Across the Puddingstone Dam, the last Charlotte Years book, is the best one. Dealing with issues of death, loss, family, change, and maturity, it’s the most serious of all four books, but there are still moments that are heartwarming and uplifting. One of those is the reunion of Martha and Duncan. The benefit of Wiley having written both the Martha Years and the Charlotte Years is that there’s no retconning or mistakes made—stories and characters and situations are true to what was revealed earlier.
This book is the last Charlotte book, but it’s also so closely related to Martha that it’s almost as if it’s a continuation of the Martha Years. We learn much more about Martha in this book than we ever did in the first three Charlotte books. Perhaps this book was written with the knowledge that HarperCollins was killing the series, so Wiley wanted to give as much information about her characters as possible. The book is still definitely about Charlotte, but there is a strong focus on Martha—even to the extent of sacrificing the characterization of Charlotte’s brothers and sisters.
I’m really not sure how historically accurate Wiley’s books are (in terms of the real-life people they depict, not the events), but if there’s one thing I can appreciate about this book, it’s the love and dedication Wiley clearly has for these characters, particularly Martha. And while the maturity of this book is quite a step up from the previous titles, I’m not sure that’s a bad thing, as it shows that Charlotte is growing up, too. The Charlotte Years were not my favorite, but Across the Puddingstone Dam was a highlight.
The last two Charlotte Years books are the most interesting, in my opinion. Perhaps it’s because Charlotte is of a more relatable, readable age—8 and 11, respectively—and so the problems and lessons of the book are more directly related to her, as opposed to simply something she observes. The Road from Roxbury is still not a great book, but it’s at least better than On Tide Mill Lane.
The Road from Roxbury deals with new babies, new schoolteachers, new technology, new friends, and new responsibilities. Each chapter is still more “slice of life” than anything else, but there are some plot threads running throughout to unite them. My favorite is perhaps the schoolmaster plot arc, though the plot arc that deals with jealousy, sullenness, and a near-death scare is also quite good. The rest is typical Wiley and typical Charlotte Years—vaguely interesting, but ultimately lacking in charm. It ends on the cheesy sort of note that Wiley is fond of striking—grand pronouncements and dreams that seem to come out of nowhere and are triggered by the most random things.
Having an older Charlotte makes the books more relatable and less observational, but there’s still something lacking from the Charlotte Years that I can’t quite pin down. Charm, or quality, or depth, or something. The Road from Roxbury is an improvement on the first two books, but it’s still a far cry from a good, solid, timeless children’s book.
On Tide Mill Lane is a dreadfully boring installment of the Charlotte Years. Though it details the end of the War of 1812, there is little to keep it interesting, family and friend drama aside. The Charlotte Years have always seemed the weakest to me, but this book highlights that weakness. There’s virtually no plot—each chapter is only tangentially related to others, if at all—and Charlotte has no growth at all. She’s also not a very convincing five-year-old. In fact, it’s Charlotte’s mother, Martha, who has most of the focus, as if Wiley is still trying to hold on to those Martha Years.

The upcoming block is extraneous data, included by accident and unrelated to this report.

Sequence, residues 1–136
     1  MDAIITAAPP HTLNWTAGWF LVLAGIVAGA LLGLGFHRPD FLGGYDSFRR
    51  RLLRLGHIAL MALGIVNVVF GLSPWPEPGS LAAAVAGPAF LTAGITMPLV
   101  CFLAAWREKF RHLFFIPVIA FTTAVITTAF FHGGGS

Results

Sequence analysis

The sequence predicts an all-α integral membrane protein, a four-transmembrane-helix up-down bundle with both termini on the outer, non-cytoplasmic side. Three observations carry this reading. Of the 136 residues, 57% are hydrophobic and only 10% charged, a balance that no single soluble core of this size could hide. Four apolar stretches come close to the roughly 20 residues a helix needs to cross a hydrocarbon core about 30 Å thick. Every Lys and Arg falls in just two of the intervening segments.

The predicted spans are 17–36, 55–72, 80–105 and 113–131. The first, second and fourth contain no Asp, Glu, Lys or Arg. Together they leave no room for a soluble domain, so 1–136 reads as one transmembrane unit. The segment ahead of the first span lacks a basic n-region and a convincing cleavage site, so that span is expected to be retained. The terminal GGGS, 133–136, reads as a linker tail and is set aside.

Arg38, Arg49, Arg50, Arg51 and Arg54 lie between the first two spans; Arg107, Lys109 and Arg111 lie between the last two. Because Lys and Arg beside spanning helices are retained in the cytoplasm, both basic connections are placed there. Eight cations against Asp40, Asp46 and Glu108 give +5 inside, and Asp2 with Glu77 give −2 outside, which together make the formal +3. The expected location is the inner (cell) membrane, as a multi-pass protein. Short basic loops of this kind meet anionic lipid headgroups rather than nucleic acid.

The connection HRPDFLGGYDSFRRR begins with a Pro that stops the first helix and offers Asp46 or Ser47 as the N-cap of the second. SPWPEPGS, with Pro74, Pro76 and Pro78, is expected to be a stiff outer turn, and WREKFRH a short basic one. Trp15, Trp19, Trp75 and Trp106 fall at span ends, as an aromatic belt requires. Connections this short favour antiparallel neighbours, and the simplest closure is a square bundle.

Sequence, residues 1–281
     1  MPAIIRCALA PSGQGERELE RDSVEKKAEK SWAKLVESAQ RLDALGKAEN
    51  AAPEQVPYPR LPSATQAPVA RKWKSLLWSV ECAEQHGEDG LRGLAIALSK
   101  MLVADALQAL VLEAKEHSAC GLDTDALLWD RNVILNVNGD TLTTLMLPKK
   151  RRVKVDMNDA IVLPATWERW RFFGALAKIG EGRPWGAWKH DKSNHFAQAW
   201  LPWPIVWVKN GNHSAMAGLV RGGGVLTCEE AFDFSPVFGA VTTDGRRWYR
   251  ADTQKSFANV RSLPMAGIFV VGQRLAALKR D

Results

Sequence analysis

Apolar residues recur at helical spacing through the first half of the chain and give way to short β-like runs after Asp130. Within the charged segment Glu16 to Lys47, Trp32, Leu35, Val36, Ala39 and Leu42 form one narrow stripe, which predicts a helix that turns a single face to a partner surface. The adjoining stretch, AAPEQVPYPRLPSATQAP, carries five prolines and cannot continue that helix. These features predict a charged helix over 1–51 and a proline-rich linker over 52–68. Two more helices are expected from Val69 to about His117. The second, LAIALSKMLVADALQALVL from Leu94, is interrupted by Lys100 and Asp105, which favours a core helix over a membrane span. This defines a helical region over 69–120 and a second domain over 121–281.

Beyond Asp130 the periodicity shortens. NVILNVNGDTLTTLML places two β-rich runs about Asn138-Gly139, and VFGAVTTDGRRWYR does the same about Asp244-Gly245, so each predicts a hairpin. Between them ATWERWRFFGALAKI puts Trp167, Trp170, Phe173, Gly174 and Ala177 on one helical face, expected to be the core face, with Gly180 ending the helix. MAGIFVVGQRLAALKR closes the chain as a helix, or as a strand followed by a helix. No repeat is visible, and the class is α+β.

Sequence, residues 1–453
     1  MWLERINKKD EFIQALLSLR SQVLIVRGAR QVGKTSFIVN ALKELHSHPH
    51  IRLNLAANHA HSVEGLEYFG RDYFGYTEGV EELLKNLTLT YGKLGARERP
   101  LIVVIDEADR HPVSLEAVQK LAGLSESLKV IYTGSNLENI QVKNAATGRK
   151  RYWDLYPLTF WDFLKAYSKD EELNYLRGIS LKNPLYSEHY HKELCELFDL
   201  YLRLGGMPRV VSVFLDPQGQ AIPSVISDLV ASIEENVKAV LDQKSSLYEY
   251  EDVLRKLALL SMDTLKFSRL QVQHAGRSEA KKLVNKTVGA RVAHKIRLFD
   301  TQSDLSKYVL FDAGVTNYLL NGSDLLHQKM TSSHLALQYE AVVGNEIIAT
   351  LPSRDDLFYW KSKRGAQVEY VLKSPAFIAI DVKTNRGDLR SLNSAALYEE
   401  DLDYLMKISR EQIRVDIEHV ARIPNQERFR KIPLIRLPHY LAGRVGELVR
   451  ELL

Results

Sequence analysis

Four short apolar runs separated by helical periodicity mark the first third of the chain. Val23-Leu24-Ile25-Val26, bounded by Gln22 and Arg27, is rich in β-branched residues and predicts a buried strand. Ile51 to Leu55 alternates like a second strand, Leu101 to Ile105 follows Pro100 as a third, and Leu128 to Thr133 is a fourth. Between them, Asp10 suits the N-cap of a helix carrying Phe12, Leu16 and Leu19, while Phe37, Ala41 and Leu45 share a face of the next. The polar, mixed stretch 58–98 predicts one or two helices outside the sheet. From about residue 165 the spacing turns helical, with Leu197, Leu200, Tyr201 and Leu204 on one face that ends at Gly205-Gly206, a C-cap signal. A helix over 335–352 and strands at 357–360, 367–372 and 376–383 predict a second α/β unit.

The dialogue and descriptions are also really cheesy. A child likely won’t find them that way, but as an adult, I could barely keep from rolling my eyes. In addition, everything is spelled out very nice and neatly, so that nothing can possibly escape the reader’s attention and understanding. I love children’s books, but this one is too non-subtle for me.
I can barely remember what happens in the next Charlotte book, but I remember the last one being quite interesting, and it at least has Charlotte stop being perpetually five. I will, however, be glad to be done with these last two books so that I can move on to the Caroline Years, one of my favorites.
Little House by Boston Bay, by Melissa Wiley, was published in 1999 by HarperTrophy.
Having finished the Martha Years, I’m moving right along to the Charlotte Years—Martha’s daughter, and Laura Ingalls Wilder’s grandmother. The same author wrote both sets of books, which is a good thing—Martha remains familiar, and the details of her life in Scotland remain accurate. Not that many details are given—Wiley saves that for another book.
As a kind of hopeless romantic at heart, for most of the book I reflected on Martha and Lewis. If I remember correctly, Martha marries Lewis, a blacksmith, someone of a much lower station than her, and as a result her family disowns her (however, there is some research that indicates that “Martha Morse” was never Scottish at all, and that her husband’s name was really Joseph). It’s kind of interesting to read this book with that perspective and reflect on all the sacrifices that were made, but also see how much Martha and Lewis love each other.
The book is fairly similar to the Martha Years books—as it would be, with the same author—although obviously without the Scottish background. Instead, we have the War of 1812, and the political tension of the day woven into the background. It’s maybe not as immediately gripping as were the backdrop of the Scottish Highlands, but Little House by Boston Bay is still part of a series that were dearly loved by me as a child—I know the scenes like old friends, and I vividly remember the too-spicy pounded cheese chapter and the Saturday family. Perhaps the Charlotte Years aren’t too exciting, but reading this book has been a great nostalgia trip for me.